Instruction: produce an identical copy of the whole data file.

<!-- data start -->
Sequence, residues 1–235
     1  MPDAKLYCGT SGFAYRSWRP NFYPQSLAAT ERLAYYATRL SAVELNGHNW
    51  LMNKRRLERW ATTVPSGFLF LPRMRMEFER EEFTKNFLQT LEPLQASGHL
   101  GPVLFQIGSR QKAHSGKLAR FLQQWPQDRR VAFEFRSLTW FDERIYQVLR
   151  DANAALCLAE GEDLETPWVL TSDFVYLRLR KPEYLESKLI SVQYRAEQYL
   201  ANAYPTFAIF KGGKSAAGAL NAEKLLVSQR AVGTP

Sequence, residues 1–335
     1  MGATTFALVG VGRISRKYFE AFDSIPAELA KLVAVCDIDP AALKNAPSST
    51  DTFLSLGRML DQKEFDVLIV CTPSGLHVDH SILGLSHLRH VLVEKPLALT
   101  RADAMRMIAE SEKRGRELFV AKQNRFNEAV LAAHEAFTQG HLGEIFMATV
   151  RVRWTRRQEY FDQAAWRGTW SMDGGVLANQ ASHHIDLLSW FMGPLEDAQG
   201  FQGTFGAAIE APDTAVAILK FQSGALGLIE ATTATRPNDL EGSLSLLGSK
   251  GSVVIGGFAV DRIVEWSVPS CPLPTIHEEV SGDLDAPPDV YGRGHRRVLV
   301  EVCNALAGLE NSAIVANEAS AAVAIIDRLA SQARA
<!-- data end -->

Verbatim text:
Sequence, residues 1–235
     1  MPDAKLYCGT SGFAYRSWRP NFYPQSLAAT ERLAYYATRL SAVELNGHNW
    51  LMNKRRLERW ATTVPSGFLF LPRMRMEFER EEFTKNFLQT LEPLQASGHL
   101  GPVLFQIGSR QKAHSGKLAR FLQQWPQDRR VAFEFRSLTW FDERIYQVLR
   151  DANAALCLAE GEDLETPWVL TSDFVYLRLR KPEYLESKLI SVQYRAEQYL
   201  ANAYPTFAIF KGGKSAAGAL NAEKLLVSQR AVGTP

Sequence, residues 1–335
     1  MGATTFALVG VGRISRKYFE AFDSIPAELA KLVAVCDIDP AALKNAPSST
    51  DTFLSLGRML DQKEFDVLIV CTPSGLHVDH SILGLSHLRH VLVEKPLALT
   101  RADAMRMIAE SEKRGRELFV AKQNRFNEAV LAAHEAFTQG HLGEIFMATV
   151  RVRWTRRQEY FDQAAWRGTW SMDGGVLANQ ASHHIDLLSW FMGPLEDAQG
   201  FQGTFGAAIE APDTAVAILK FQSGALGLIE ATTATRPNDL EGSLSLLGSK
   251  GSVVIGGFAV DRIVEWSVPS CPLPTIHEEV SGDLDAPPDV YGRGHRRVLV
   301  EVCNALAGLE NSAIVANEAS AAVAIIDRLA SQARA